The Magazine

Grant at Vicksburg

A masterpiece of military art

Jul 8, 2013, Vol. 18, No. 41 • By MACKUBIN THOMAS OWENS
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In late March, the waters of the Mississippi receded earlier than expected. While the falling water aborted another of his engineering projects, it provided Grant an opportunity to undertake a far bolder operation. He planned to move his army down the west bank of the river, while Admiral David Porter’s transports and gunboats ran the gauntlet at De Soto Point. Once south of Vicksburg, the transports would carry the Army across the river, enabling Grant eventually to move on Vicksburg from the east. 

On March 29, Grant ordered one of his corps under the command of Maj. Gen. John McClernand to move from the Union base at Milliken’s Bend south along the west bank of the river to New Carthage, halfway between Vicksburg and Grand Gulf. Once McClernand had reached New Carthage, he was to prepare to cross the Mississippi. Because the river had fallen, the ground on the west shore was swampy—in the words of one soldier, “a vast bog, intersected by numerous bayous half flooded with water”—and difficult to traverse. Progress was slow. 

The plan entailed considerable risk, so much so that Sherman felt obligated to express his doubts in writing. The first problem was successfully coordinating all that needed to be accomplished, especially if the Confederates divined his intentions. The second was the difficulty of keeping McClernand supplied over the soggy Louisiana countryside on the west bank of the Mississippi. Even if the actions of the Army and Navy could be coordinated, Grant would face additional risks once he crossed the river. 

Grant’s plan called for a robust deception operation to focus the attention of Lt. Gen. John C. Pemberton, the Confederate commander, away from Grant’s main effort south of Vicksburg. As McClernand began his movement south, Grant dispatched a division of Sherman’s corps in the opposite direction to Greenville, Mississippi, about 70 miles upriver from Vicksburg. This division, commanded by Maj. Gen. Frederick Steele, destroyed corn, carried off farm animals, and liberated about 1,000 slaves. 

The “Greenville Wallow” accomplished its military goal of distracting the Confederates from Grant’s main effort, causing Pemberton to send a force under Gen. Stephen Lee (no relation to Robert E. Lee) to deal with Steele. But it also reflected the new policy of the Lincoln administration of targeting Southern social and economic institutions, adumbrating Sherman’s “March to the Sea” after the capture of Atlanta in September 1864. “Rebellion has assumed that shape now that it can only terminate by the complete subjugation of the South or the overthrow of the Government,” Grant wrote to Steele. “It is our duty therefore to use every means to weaken the enemy by destroying their means of cultivating fields, and in every other way possible.”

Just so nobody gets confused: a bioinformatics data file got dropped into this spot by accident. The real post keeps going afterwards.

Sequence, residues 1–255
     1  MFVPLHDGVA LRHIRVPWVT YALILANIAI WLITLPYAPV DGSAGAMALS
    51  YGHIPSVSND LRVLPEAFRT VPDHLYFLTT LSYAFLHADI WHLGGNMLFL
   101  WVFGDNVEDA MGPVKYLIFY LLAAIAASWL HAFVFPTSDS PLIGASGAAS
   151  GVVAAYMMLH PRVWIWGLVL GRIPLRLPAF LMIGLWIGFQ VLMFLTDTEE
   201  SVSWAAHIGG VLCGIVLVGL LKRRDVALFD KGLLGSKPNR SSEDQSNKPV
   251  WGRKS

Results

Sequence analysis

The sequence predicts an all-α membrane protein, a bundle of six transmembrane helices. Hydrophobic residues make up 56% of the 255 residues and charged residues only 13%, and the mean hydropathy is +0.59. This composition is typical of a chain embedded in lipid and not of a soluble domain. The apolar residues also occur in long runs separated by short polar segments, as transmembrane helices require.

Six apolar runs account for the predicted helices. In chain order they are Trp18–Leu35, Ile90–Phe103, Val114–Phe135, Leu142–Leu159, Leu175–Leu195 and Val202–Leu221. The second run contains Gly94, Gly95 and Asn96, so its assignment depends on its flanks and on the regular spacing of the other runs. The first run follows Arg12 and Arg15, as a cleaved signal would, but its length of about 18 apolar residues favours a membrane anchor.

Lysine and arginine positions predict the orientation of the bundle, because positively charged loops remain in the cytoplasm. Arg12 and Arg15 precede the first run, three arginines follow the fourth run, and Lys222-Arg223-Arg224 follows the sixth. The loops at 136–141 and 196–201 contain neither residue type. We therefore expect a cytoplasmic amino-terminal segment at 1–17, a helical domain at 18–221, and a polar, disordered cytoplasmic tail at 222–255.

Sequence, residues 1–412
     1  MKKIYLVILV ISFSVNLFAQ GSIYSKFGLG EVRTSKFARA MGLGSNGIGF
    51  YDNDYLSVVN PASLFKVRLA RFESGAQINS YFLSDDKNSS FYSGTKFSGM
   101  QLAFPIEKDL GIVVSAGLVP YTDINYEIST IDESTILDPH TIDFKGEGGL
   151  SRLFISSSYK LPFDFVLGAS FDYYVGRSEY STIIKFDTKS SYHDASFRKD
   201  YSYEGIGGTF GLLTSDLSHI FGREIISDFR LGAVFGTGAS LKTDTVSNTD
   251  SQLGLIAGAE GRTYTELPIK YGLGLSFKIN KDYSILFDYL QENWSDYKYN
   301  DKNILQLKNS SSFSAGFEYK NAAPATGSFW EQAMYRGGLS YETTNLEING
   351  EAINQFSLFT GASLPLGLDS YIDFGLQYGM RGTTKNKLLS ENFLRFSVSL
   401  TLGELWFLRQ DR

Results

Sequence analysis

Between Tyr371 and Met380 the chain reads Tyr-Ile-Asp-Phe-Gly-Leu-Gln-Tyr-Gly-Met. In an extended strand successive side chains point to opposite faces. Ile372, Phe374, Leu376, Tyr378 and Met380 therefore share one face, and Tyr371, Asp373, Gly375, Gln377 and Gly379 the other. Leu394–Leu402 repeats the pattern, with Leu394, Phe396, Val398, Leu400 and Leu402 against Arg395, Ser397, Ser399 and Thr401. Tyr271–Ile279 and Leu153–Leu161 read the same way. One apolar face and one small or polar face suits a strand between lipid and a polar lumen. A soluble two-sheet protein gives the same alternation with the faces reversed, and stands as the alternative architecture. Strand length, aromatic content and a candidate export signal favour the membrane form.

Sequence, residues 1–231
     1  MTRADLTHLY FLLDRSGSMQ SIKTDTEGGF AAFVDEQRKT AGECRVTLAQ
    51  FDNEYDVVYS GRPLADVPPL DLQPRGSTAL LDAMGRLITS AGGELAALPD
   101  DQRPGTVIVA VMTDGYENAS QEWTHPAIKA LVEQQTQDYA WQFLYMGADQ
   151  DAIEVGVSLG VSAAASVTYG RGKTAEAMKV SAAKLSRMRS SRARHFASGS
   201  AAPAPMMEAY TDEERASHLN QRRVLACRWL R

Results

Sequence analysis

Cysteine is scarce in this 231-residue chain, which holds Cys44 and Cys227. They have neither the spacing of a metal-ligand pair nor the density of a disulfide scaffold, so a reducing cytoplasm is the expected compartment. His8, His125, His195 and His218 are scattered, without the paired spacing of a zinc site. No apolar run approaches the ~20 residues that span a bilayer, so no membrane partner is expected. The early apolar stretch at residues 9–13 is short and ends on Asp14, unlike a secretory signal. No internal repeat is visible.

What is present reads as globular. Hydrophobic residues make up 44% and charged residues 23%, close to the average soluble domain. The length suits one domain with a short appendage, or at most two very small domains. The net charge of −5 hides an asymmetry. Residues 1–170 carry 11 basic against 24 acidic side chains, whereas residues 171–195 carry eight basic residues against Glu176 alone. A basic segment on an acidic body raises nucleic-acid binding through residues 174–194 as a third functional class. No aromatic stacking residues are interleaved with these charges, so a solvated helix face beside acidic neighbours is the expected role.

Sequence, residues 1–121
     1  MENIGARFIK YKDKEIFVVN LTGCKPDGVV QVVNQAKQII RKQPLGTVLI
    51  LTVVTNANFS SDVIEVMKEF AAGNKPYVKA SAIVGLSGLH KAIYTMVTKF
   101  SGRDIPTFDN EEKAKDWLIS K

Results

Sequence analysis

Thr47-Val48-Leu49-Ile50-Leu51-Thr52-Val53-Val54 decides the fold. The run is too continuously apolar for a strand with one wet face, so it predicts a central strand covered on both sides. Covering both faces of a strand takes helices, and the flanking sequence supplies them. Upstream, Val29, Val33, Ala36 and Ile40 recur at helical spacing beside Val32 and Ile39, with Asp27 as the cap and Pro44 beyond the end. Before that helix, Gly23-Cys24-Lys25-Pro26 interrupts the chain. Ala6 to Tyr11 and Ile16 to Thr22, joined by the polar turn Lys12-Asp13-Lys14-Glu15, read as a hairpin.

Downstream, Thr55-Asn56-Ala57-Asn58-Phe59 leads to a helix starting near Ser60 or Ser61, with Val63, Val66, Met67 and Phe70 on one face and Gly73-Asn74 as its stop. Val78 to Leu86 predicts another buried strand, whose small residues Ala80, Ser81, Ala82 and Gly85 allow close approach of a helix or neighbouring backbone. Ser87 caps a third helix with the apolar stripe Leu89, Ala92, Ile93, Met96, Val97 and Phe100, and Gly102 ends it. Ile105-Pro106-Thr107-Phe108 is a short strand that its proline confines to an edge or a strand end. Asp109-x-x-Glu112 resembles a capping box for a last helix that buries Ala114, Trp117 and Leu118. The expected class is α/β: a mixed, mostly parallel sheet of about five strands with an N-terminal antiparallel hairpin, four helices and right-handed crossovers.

While a threat to Braxton Bragg’s lines of communication in Tennessee drew the legendary Confederate cavalry commander Nathan Bedford Forrest away from Mississippi, Grant launched another diversion. On April 17, Col. Benjamin Grierson led a force of 1,700 horsemen from La Grange, Tennessee, south into Mississippi. After tearing up the tracks of the Southern Railroad east of Jackson, Grierson decided to continue south, reaching Baton Rouge 16 days after leaving La Grange. This raid, the most spectacular Union cavalry operation of the war (fictionalized in the classic John Ford film The Horse Soldiers, starring John Wayne) and certainly the most strategically significant, created chaos in Pemberton’s department, occupying his attention for two weeks as Grant moved the main body of the Army of the Tennessee south of Vicksburg.  

 

On the moonless night of April 16, Adm. David Porter’s Mississippi Squadron made its first attempt to run the Rebel batteries at Vicksburg. Though battered by the Confederate gunners, all eight of Porter’s gunboats and two out of three of his transports made it through. A few nights later, five out of six transports successfully made the run. By the end of April, Grant had two of his three corps south of Vicksburg and, with the aid of Porter, was ready to cross the river at Grand Gulf. 

As Grant prepared to make his crossing, he ordered one more diversion. For two days, one of Sherman’s divisions conducted a demonstration in front of the Rebel positions on Haynes’ Bluff near Chickasaw Bayou, the site of Sherman’s repulse the previous December. As in the case of the Greenville expedition and Grierson’s raid, Pemberton took the bait, recalling 1,000 troops that had been sent to deal with whatever Grant was planning to do. Meanwhile, Porter’s gunboats bombarded the Confederate position at Grand Gulf.

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